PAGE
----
It’s the holiday season, and for most people around the world, we find ourselves with a little spare time. Add to that the holiday spirit which naturally breeds creativity for decorating houses, Christmas trees, re-decorating rooms or giving a fancy flare to wrapping gifts, you may find yourself with the creative motivation to get stuck into some post processing that you have put off during the year.

Following two of my own big bush trips, I find myself with the sizeable task of sifting through thousands of photos (that motor drive can be a blessing and a curse!), in order to get down to my top 100 photographs. Enter Adobe Photoshop Lightroom- the software that I use personally, and the software that we use in the Londolozi Photography Studio. Why Lightroom and not some of the other well known software packages? I wanted to take the time to tell you my top 10 reasons to use Lightroom this holiday.

  1. An intuitive user interface

There are so many barriers to using editing software- expense, only being able to navigate it on a large screen or the lack of technical know-how. The latter being the reason why most people stop before they even begin. One of the most common reasons is that they can be really difficult to use- sometimes requiring extensive training in order to merely make small adjustments. My number one reason for using Lightroom is that it is quick to learn, so easy to use, and extremely intuitive when it comes to it’s user interface. Once you have discovered, and understood, what each of the sections does, and how they affect the image, it’s a case of moving the sliders left and right in whatever increments you feel is necessary to get the effect you want. Just like a handyman knows exactly which tool does what, you have only to get to grips with the tools in your lightroom toolbox in order to make great progress with your editing.

Lightroom easy interface copy

The userface is inviting, clean and easy to use. Once you know what each toggle does, simply swipe left or right to add or remove effects


  1. Non-destructive on images, and no need to save them

Another big plus for me is that Lightroom is non-destructive on your images. In short- it will make a carbon copy of each original image, and make the adjustments on the copy, leaving your original file in tact, and untouched. A big plus! On top of that, once you have imported your photos (and hopefully ticked the ‘build smart previews’ box), Lightroom saves the full-sized version so that whenever you have half an hour to edit a few photos, they are right where you left them. The only thing that Lightroom does not like is if you move the original location of the images on your hard drive. Never fear, though, as there is a ‘find location’ option, and if you already know where you have moved your originals to, you can quickly and easily solve the problem.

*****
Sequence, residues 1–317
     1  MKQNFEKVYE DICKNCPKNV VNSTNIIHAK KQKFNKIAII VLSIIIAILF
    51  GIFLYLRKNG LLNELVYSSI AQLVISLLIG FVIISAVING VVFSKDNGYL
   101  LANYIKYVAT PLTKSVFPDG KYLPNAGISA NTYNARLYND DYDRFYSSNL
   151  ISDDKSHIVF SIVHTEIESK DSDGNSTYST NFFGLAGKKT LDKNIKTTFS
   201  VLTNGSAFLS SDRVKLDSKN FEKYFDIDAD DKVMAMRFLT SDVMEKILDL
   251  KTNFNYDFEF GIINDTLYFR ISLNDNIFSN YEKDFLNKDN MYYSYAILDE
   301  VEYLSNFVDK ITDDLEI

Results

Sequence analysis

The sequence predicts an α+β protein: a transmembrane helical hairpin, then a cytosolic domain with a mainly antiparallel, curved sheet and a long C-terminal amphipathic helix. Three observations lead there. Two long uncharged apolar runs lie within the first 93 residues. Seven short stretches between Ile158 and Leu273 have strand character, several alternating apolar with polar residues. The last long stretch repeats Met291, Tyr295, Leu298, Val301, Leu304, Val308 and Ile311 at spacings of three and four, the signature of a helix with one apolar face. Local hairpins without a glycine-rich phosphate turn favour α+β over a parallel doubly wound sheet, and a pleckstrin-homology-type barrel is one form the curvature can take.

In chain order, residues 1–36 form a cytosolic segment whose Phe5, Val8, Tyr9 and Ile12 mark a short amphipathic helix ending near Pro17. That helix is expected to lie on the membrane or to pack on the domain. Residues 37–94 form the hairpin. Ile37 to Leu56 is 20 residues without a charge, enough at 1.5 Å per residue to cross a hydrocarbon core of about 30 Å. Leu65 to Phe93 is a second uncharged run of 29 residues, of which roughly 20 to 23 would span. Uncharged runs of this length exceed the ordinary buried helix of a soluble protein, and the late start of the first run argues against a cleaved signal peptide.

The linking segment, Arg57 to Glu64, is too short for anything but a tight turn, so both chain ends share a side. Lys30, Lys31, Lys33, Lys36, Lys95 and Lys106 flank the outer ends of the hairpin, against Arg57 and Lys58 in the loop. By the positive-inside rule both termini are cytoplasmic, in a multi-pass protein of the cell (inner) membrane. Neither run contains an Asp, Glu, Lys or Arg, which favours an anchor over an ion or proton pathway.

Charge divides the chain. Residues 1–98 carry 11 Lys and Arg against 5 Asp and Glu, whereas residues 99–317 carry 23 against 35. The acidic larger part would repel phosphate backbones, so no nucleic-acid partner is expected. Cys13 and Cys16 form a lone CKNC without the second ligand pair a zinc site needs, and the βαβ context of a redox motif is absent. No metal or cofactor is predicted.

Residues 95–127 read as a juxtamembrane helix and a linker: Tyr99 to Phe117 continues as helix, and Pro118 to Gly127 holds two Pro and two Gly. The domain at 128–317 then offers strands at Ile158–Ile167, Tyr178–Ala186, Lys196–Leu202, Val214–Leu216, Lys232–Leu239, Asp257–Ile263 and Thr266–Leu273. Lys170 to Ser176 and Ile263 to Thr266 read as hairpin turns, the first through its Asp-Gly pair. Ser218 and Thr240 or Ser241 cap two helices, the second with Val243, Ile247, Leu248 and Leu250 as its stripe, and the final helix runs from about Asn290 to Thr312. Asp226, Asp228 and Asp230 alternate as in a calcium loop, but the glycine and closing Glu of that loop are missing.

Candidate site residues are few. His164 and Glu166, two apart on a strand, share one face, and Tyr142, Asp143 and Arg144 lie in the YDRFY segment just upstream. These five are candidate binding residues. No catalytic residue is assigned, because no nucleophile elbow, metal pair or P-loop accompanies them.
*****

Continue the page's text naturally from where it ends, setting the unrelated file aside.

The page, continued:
1. Easy to sort and catalog with meta data

If you are a motor-drive junkie like me (where one click simply isn’t enough in case you miss the shot of a lifetime), you will have a pretty sizeable batch of images to sort through each time you take your camera out. The Library function on Lightroom is powerful and impressive. It lets you easily and quickly sort through your photos with multiple types of rating systems (be it stars, colours or flags) and makes it easy to create quick collections, collection sets and folders to organize the best from the rest. On top of that, creating meta data (keywords that Lightroom uses to categorize and catalogue each image) makes it easy to go back and search for that one photo that you desperately want to find. In this instance, I used specific keywords based on what I thought I might use to search for this image of a dramatic, thunderstorm filled landscape in future. Here’s the key for meta data creation: Find a way to keyword that makes sense to you- that way when you sit down and start typing some keywords into the search bar, your brain should work in the same way to search for images as it did to keyword them in the first place. Even if it’s something obscure like “purply sky on the day we saw the wild dogs with the family”, you’ll have a higher chance of finding that image again!

Lightroom Meta Data

Powerful meta data and keyword capabilities make it easy to sort and find photos when you need to.

  1. Quickly access RAW photos

This one’s simple, and a huge plus: You don’t need a RAW file converter to start editing photos in Lightroom. You can upload straight from your memory card and get going straight away.


  1. Geo Tagging with built in google maps

This is something the information-nerd in me adores. As long as you have your GPS settings turned on in-camera, all of the Geographical information will be stored within the meta data of the image. By selecting a batch of photos and clicking on the ‘Maps’ module, a built in google map of all of the locations your photos were taken in will appear. This is especially interesting (and useful) if you have done a multi-country trip where you can see, from a bird’s eye view, all the places you visited and where each shot was captured.


  1. Track your progress- before and after

I believe that post-processing is fast becoming an art form, where each editor or photographer is generating his or her own style, just like any other artists. Lightroom makes it so easy for you to continuously check your progress as you edit, helping you to make sure that you stay true to the essence of the shot that you want to portray. The multiple review options (splitting your screen to see the before and after versions, using the back-slash key to quickly flick between the original and the edited versions, or using the Lights-out function to remove all toggles and panels to review your image without distractions) makes it that much easier to remain on track with your style of editing- allowing you to see when you have done the shot justice, or when you have over-edited and lost the truth of the shot